>> does the local chapter plan plan to reveal the local chapter by the organization? >> i am not authorized to speak to that. we have been in contact or i have been in contact with the national association and i am sure that the members of the board of directors have been. i don't think that any decision is r5e67eached on that. it's under review. just to be clear there are a number of issues that we have to review. i am new to the case. i am not been on it 24 hours, and there's a lot of paper work that i have to review. let me tell you just basically those issues. they range from real-estate to student safety. there's issues about who owns the house and who owns the the property and what will be done with the house and what will be done with the property. that's an issue with the real-estate law and people are looking at that. then there's the status of the suspended members and their rights before the national
12:35 pm
organization and the national organization has a due process system in which it will judge each of these members individually as to determine the status and sae particularly between they graduate. then there's also the issue to be certain that the students who disciplinary actions are sought against are guaranteed and have the due process and other constitutional rights and then i also mentioned the safety of the students and that's the primary concern at this point. yes, ma'am. >> can you talk about you mentioned they're afraid for the safety? can you be more specific? >> new york city i accept and the appropriate authorities have been alerted about that but we view it as a potentially violent situation. that's why i think that we need to avoid a rush to judgment. we need to lower our voices and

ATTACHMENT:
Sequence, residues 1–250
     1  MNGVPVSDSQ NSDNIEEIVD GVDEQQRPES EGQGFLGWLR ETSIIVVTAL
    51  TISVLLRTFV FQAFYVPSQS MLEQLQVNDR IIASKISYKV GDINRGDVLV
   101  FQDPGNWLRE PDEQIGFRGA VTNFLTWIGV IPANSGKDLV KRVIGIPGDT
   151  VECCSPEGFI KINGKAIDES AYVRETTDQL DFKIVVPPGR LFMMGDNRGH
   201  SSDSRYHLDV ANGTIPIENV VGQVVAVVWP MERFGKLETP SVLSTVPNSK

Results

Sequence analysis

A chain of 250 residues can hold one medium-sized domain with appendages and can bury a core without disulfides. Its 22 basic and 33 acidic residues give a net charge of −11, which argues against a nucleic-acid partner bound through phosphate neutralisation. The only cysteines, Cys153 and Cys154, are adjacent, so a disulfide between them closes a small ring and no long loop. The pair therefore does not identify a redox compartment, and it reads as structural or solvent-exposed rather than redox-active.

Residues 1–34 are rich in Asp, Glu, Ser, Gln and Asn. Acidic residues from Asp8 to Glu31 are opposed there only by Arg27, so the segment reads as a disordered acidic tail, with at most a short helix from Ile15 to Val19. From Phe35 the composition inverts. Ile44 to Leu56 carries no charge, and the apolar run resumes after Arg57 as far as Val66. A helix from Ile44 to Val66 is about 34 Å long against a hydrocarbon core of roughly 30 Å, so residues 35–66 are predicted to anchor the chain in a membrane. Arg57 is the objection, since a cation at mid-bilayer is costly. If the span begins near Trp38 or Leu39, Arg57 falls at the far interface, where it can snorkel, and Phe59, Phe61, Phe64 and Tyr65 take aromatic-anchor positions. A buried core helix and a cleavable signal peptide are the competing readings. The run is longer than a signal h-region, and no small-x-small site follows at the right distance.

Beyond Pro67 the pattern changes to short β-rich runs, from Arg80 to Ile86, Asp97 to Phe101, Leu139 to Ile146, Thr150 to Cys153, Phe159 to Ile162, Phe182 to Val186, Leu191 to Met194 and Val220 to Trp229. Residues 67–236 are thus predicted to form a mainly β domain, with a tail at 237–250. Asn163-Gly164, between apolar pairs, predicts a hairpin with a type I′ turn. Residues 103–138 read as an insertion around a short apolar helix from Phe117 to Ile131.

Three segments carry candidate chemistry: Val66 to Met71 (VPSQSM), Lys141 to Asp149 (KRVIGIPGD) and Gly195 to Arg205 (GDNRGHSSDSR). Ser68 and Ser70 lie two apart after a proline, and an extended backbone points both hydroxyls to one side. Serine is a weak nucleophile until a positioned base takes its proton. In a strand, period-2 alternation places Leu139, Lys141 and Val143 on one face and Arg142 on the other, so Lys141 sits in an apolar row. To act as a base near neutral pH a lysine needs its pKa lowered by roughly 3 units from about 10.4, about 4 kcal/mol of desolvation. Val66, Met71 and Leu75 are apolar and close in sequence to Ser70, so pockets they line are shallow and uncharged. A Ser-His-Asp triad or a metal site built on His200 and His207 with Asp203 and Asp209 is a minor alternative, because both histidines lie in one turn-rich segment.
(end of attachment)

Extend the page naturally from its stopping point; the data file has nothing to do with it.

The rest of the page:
12:36 pm
we need to take a breath. >> what does the board of trustees want done to the house? do they want it kept snupup? >> i don't think that they have come to any time decision. they're waiting for the legal advice on the real-estate lawyer. when i practiced law, i am not a real-estate lawyer. >> is it owned by ou or the board? >> it's my understanding that the property and the real property that the house sits on is owned by sae, but the university has some claim to the house, but the exact description of the the claim or right, i am not prepared to speak today because i am still reviewing with others the documents. >> do you think that there's a problem that the university has a right to throw the people out of the house? >> that's also being reviewed. >> the urineniversity said that two
12:37 pm
steents are expelled. does that violate free speech? >> well i try to avoid being more catholic than the pope or more royal than the queen. how the two young men with the parents and their legal counsel decide to proceed is up to them, but i would think an immediate expulsion is running contrary to due process. now, if they with drew it might be consider that had they did that voluntarily. if they with drew under a threat of ex pollution, that raises another issue. expulsion and a hearing after wards is permitted where an emergency exist such as a threat of violence or already increasing violence. we do not have that here but at the present time i am not prepared to to characterize those actions because i think
12:38 pm